Once you discover your passion, we're told, everything else will fall into place, whether it’s your career, your ministry, your blog or your purpose in life. Knowing what motivates and inspires you at the deepest level will enable you to achieve great things and experience boundless joy and satisfaction. You’ll be in harmony with the universe/God/your inner being. Or something like that.
But what if you have many passions? Or serial passions? What if your greatest passion seems to change from one week to the next? The usual response is “You just haven’t looked hard enough. You’ll know it when you find it.”
Career counsellor Barbara Sher has a different answer. In a book titled “Refuse to Choose” she describes what she calls ‘scanners’. Scanners are people who have multiple interests and gifts. Their ‘passion’ is discovering new things, mastering new skills. They tend to move from one career to another, one hobby to another, or cycle through a long list of obsessions. Being called to settle for just one thing, either as a career choice, a life purpose or a spare time activity, produces acute anxiety.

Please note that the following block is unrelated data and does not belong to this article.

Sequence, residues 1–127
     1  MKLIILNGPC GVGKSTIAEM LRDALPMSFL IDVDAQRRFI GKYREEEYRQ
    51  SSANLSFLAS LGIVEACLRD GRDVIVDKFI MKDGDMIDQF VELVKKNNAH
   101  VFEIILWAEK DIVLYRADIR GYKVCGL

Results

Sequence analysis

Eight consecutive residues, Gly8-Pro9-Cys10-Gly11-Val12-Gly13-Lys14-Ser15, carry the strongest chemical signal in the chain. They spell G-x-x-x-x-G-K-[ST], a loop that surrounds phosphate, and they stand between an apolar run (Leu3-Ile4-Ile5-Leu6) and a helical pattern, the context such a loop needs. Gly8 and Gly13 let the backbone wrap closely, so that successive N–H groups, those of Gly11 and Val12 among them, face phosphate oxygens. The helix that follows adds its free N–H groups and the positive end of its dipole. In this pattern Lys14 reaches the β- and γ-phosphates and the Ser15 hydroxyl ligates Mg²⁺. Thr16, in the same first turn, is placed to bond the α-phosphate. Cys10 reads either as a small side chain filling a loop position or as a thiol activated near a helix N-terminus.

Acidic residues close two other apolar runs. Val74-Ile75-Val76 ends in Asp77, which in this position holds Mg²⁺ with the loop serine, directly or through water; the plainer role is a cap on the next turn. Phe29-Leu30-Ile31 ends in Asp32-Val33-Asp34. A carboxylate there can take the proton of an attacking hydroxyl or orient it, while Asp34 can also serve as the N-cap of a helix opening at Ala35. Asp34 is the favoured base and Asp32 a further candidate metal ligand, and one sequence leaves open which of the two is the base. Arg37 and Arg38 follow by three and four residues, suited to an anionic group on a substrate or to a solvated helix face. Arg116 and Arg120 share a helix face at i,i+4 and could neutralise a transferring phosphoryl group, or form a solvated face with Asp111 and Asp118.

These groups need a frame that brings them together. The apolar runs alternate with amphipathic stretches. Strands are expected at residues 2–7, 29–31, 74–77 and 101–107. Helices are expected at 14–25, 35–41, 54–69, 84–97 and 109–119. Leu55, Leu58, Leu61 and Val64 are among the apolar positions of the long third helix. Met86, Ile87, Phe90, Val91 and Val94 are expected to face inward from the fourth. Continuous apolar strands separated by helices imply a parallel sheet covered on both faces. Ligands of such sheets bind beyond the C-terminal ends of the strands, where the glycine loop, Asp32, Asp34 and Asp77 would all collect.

Margaret Lobenstine refers to these people as Renaissance Souls. She likens them to Leonardo da Vinci, who turned his mind to a multitude of interests and seldom finished anything. As someone who is heading for retirement still trying to decide what to do when I grow up, and wondering if I’ll live long enough to read all the books on my reading list and finish all the projects in my cupboard, I like the idea of being a Renaissance Soul. No-one wants to be known as a dabbler, and 'scanner' sounds too much like a useful but boring piece of technology. But Renaissance Soul will do for me.
However, being a Renaissance Soul makes for a messy blog. Just looking at the tags on the left suggests I can’t make up my mind about what the purpose of this blog should be. What do advertising, the Trinity and the Hubble telescope have in common? Having no real focus makes it difficult to decide what to write. So I’m going to try to be a little more disciplined, and focus on one main area for each day of the week. Monday is for musings, Tuesday for tips, Wednesday for …. well, if I get that far you’ll see.
|photo by Bert Kauffman on Flickr|